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The Olympics will make for an intriguing Miami Heat viewing experience, and for more than what Bam Adebayo achieves alongside an All-Star cast with Team USA.
Rarely ahead of the NBA’s most active personnel period of the calendar comes an opportunity for team to put on display two of its primary potential trade chips.
Based on what Precious Achiuwa achieved during his rookie season or what KZ Okpala did during his second, the two Heat draft picks exited 2020-21 largely as non-descript components who had fallen out of Erik Spoelstra’s rotation, with Okpala never quite there in the first place.
But then came signs of something more promising under Mike Brown with the Nigerian Olympic team in advance of the Games, raw athleticism finding its place during a series of exhibitions on the international stage.
No, NBA scouts won’t be rewriting scouting reports on Achiuwa on Okpala based on performance in the group stage at the Tokyo Olympics, but there is something to be said about a most recent impression creating a lasting impression.
Already, The Athletic’s John Hollinger, the former Memphis Grizzlies executive, has posited a potential Heat sign-and-trade with Achiuwa and Okpala that lands Toronto Raptors free-agent point guard Kyle Lowry.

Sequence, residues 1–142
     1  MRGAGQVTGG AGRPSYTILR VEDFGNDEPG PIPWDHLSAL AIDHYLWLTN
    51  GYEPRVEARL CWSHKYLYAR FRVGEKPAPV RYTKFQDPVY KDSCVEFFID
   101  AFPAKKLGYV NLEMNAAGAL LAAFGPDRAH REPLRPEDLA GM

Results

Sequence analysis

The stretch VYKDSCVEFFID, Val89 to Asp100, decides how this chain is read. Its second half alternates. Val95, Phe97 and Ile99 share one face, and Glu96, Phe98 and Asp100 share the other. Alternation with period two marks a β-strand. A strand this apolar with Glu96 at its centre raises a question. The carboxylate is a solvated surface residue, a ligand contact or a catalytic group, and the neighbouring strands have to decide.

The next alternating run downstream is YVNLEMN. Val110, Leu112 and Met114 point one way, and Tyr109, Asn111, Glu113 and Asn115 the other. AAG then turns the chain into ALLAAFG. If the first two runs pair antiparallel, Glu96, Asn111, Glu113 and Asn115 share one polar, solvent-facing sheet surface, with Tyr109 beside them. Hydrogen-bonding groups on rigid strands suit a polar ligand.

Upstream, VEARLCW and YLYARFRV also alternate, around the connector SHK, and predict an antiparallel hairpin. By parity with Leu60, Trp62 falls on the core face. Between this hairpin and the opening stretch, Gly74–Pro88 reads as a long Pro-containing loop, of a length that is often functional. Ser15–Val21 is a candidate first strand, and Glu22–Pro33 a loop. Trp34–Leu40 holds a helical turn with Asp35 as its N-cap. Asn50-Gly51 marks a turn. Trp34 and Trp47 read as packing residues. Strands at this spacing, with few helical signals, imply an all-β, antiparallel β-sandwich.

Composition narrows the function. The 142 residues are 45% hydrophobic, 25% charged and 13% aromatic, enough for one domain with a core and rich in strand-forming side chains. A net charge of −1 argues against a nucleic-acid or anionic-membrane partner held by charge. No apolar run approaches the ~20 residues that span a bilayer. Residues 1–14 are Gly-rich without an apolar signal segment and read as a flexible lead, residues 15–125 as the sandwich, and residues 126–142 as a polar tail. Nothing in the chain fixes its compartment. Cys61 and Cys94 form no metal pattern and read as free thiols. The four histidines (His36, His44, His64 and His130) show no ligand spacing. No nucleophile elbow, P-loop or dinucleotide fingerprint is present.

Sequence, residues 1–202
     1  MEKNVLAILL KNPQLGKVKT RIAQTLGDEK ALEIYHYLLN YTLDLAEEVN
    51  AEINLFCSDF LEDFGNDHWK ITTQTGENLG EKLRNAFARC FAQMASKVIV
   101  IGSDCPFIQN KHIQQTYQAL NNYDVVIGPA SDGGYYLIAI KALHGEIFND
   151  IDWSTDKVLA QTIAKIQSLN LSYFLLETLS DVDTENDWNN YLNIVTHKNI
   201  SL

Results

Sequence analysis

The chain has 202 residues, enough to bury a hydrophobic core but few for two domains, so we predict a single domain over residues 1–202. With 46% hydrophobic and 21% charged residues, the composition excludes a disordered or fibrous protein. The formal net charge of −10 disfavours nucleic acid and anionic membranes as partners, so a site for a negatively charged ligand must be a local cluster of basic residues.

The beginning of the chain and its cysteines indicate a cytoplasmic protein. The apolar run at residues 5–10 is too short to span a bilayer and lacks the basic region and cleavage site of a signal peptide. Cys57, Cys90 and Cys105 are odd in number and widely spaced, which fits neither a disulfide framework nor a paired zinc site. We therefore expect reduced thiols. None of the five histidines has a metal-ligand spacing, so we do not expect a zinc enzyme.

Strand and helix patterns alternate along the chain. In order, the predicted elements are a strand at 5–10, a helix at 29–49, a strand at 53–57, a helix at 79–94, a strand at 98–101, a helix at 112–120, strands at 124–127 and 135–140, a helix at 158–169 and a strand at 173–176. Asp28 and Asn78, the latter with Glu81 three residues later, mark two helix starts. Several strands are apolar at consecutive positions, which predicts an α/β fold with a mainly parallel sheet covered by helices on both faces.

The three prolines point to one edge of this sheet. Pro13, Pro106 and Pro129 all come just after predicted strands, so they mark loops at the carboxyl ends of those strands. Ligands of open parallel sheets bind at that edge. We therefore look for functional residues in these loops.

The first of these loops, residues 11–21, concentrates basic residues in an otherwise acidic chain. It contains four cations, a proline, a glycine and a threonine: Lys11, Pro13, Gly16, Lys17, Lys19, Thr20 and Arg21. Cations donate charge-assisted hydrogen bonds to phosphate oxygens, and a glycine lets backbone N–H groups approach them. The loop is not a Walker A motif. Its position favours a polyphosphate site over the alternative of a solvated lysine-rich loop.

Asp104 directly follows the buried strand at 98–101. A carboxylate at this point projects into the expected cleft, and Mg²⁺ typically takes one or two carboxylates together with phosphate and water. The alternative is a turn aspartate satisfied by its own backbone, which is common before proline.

And then, shortly thereafter, The Undefeated offered an interview with Brown that had the former Cleveland Cavaliers and Los Angeles Lakers coach practically gushing about Achiuwa.
“He’s a unique talent from the standpoint that he’s a gifted, skilled player,” Brown said. “He can handle the ball, he can pass the ball and he’s got great size. But because of his quickness, his strength, his athleticism and his feel, and then he can be a $200 million player by playing the 5 because he can guard 1 through 5, and especially in today’s NBA game.”
Granted, Brown previously called Okpala a potential future NBA Defensive Player of the Year, so we’re clearly deep into Nigerian national hyperbole season.
But, still, at least someone already has taken notice of two of only five players the Heat currently have under guaranteed contract for next season. And if more take notice ahead of Thursday’s NBA draft or the Aug. 2 start of NBA free agency, then all the better for Pat Riley’s front office.
The counter could be that with the Heat lacking a pick in Thursday’s draft because of previous deals, and already with their 2023 first-round pick tied up, Achiuwa and Okpala represent the very type of youth that Riley needs to keep in the Heat pipeline.